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The Sun Is Undefeated

STATELINE, NEVADA - FEBRUARY 20: The Vegas Golden Knights skate against the Colorado Avalanche during the NHL Outdoors at Lake Tahoe at the Edgewood Tahoe Resort on February 20, 2021 in Stateline, Nevada. (Photo by Ezra Shaw/Getty Images)
Ezra Shaw/Getty Images

The sun: mankind's oldest frenemy. It heats this lonely space rock ball, making it possible for us to live. It gives plants energy, so that we may eat them and decorate our windowsills with them. It bounces its rays off of objects both near and distant, like Marc-Andre Fleury and the Sierra Nevadas, directly into our retinas and camera lenses, thus allowing us to see the breathtaking spectacle of a Golden Knights–Avalanche game played on the shores of Lake Tahoe, the NHL's fan-less version of an outdoor game in this mostly fan-less season. The water! The mountains! Those Nordiques pseudo-throwbacks! Thank you, the sun, for your bounty.

Ah, but the sun takes as well as gives. The sun also melts and softens the ice of an outdoor hockey game, creating ruts just waiting to grab a passing skate blade. The sun forces the NHL to delay the start of the second period by eight damn hours, until the sun has retreated down the sky. "Sunshine," intoned NHL commissioner Gary Bettman, "has always been our enemy."

In the box score the Avalanche beat Vegas 3-2, but the game itself is always the least interesting thing about these outdoor games, of which the NHL has now played 30 since the first Heritage Classic in Edmonton in 2003. Puck drop was just after noon local time, and the game wrapped up closer to 11 p.m., and in between was a first intermission that lasted all afternoon and evening after the NHL, upon consulting with players and icemakers, decided that the sunlight was making ice conditions dangerous. Sure, the delay was embarrassing for the league, but not as embarrassing as if Nathan MacKinnon had broken an ankle.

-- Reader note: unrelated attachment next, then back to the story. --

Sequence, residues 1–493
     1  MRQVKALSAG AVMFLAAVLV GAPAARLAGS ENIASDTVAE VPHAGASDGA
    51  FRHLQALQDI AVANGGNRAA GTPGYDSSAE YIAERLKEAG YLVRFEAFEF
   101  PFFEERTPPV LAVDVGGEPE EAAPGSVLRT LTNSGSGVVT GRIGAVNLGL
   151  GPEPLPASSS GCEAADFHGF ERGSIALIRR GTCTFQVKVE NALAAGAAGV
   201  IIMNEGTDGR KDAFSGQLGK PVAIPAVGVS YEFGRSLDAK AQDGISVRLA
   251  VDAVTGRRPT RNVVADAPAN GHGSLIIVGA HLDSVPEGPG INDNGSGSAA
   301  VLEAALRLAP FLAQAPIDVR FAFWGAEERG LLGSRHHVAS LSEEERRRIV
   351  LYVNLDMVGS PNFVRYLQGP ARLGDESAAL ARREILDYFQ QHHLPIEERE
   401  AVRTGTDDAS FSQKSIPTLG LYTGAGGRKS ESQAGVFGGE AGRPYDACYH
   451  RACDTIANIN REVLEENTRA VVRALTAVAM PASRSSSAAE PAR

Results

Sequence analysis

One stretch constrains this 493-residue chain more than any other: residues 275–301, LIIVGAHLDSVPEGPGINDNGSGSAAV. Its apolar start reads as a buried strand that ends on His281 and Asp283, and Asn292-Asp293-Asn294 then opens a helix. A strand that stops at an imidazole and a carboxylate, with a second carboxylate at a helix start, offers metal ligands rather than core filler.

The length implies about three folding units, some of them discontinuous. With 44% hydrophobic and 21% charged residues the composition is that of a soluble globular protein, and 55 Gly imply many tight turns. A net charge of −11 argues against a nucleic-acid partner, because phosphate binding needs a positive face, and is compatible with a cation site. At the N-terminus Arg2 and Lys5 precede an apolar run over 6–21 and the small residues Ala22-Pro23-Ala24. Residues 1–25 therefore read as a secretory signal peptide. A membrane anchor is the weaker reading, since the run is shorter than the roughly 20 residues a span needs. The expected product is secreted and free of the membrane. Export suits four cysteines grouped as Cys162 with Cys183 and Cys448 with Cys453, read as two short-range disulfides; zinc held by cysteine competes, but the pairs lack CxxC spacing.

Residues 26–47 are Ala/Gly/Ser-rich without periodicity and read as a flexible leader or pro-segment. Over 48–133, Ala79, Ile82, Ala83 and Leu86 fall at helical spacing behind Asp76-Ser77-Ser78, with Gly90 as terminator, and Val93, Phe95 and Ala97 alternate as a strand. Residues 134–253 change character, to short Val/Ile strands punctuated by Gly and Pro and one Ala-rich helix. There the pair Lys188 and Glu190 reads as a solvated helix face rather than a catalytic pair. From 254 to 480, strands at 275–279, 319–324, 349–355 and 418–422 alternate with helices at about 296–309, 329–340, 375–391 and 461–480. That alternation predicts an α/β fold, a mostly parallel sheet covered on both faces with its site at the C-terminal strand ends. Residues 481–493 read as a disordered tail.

The forecast had called for partly cloudy skies, but the forecast wasn't the issue: This game had long been scheduled for this time by the NHL and NBC "for the purpose of hitting their available windows," deputy commissioner Bill Daly said, "and maximizing distribution and impact." In other words, ratings, and the fact that NBC wasn't giving over its primetime to hockey. (When the game resumed it aired on NBCSN. Sunday's second Tahoe game, between Philadelphia and Boston, has also been moved to the evening as a precaution, and has been bumped from NBC to NBCSN.) So if you were wondering why the league didn't just schedule the games at night in the first place, there you go. They knew the risk of something like this happening was there, but figured the rewards of afternoon NBC viewership were worth it.

The NHL considered resuming the game at 7 a.m. local time today, early enough that the sun wouldn't be an issue, but decided against that in order to give the ice a full day to be worked on ahead of the second game. Honestly, the night portion of the game still looked pretty great, under the lights the NHL had trucked in just for a contingency like this.

This was not how the NHL envisioned this weekend unfolding, but you could argue it's truer to the spirit of pond hockey. For real-deal pond hockey you're fully at the mercy of the elements, and you don't have a professional ice crew to fix things up. You just avoid the wet spots on the surface, and once there are too many, you pack up and go home to wait for a cooler, grayer day. So I didn't hate the way things played out; this was, if not in the way the league intended, something quite like hockey reconnecting to its roots. Bad ice happens, and it's a lot more palatable when it's because you're getting back in touch with nature than when you're just playing in the Panthers' building.

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